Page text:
Electronic medical records (EMRs) were primarily introduced as a digital health tool in hospitals to improve patient care, but over the past decade, research works have implemented EMR data in clinical trials and omics studies to increase translational potential in drug development. EMRs could help discover phenotype-genotype associations, enhance clinical trial protocols, automate adverse drug event detection and prevention, and accelerate precision medicine research. Although feasible, data mining in EMRs still faces challenges. Existing machine learning tools may help overcome these bottlenecks in EMR mining to unlock new approaches in drug development. This chapter will explore the role of EMRs in drug development while evaluating the viability and bottlenecks of their uses in data mining. This will include discussions on EMR usage in drug development while highlighting successful outcomes in oncology and exploring ML tools to complement and enhance EMR as a widely accepted drug-research source, a section on current clinical applications of EMRs, and a conclusion to summarize and imagine what a future drug research pipeline from EMR to patient treatment may look like.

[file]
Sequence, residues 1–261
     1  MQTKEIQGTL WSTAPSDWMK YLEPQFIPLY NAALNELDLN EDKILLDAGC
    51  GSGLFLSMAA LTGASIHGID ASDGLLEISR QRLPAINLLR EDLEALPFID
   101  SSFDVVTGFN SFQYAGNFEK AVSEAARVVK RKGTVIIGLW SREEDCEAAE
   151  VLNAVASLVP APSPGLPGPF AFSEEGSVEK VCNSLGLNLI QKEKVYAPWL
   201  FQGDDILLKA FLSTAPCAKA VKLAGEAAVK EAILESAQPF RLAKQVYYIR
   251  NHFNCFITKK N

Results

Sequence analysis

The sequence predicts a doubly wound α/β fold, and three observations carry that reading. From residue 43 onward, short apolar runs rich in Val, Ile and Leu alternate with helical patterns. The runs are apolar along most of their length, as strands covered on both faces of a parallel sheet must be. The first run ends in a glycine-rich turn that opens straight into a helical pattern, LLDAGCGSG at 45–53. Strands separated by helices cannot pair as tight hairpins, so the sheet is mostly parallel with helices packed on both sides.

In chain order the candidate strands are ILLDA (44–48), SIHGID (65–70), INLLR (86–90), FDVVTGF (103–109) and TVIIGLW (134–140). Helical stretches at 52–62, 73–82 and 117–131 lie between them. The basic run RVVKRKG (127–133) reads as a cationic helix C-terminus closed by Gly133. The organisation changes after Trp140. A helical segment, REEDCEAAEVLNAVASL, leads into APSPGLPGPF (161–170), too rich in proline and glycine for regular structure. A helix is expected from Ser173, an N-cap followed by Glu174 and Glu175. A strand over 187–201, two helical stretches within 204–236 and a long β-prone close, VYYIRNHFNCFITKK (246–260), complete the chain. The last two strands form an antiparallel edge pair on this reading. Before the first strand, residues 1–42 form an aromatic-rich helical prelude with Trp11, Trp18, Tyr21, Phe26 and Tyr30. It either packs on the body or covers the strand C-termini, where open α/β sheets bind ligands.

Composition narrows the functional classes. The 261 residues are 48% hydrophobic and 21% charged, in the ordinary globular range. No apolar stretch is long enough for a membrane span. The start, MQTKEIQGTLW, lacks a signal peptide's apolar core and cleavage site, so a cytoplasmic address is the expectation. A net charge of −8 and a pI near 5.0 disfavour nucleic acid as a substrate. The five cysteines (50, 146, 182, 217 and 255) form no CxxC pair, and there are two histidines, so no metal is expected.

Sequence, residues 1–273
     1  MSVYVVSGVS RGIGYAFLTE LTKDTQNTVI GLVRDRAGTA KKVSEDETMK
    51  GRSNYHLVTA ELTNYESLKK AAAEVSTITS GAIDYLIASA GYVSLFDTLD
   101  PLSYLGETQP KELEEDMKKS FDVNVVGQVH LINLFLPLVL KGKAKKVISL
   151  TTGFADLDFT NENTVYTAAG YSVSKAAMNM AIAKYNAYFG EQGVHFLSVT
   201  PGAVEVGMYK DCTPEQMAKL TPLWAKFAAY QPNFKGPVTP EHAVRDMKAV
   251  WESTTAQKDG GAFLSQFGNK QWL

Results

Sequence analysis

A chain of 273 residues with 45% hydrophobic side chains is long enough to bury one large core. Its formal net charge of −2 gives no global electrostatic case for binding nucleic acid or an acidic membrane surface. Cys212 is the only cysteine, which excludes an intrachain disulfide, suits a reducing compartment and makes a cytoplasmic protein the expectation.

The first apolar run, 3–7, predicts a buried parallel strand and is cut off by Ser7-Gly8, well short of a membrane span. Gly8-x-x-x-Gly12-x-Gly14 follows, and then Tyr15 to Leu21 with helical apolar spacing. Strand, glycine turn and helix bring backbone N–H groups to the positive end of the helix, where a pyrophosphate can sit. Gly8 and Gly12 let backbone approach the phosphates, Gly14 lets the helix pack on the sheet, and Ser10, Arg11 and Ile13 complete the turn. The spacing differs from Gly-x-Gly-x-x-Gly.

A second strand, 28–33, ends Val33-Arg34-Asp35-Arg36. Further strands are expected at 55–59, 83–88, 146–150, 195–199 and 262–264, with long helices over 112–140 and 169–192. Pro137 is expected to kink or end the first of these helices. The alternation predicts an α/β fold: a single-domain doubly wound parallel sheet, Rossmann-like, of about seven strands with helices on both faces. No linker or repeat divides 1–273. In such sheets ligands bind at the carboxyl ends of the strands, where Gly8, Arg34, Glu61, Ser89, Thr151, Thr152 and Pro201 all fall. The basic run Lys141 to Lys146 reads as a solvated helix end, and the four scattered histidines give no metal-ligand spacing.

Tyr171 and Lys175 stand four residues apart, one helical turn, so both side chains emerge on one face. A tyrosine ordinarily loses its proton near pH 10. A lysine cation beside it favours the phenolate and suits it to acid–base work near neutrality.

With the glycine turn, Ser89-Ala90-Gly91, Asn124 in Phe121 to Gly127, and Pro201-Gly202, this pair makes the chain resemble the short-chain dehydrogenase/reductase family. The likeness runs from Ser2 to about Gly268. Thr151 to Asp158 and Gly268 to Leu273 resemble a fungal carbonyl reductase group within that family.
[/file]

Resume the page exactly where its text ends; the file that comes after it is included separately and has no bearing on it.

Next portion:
Part of the book: Artificial Intelligence in Oncology Drug Discovery and Development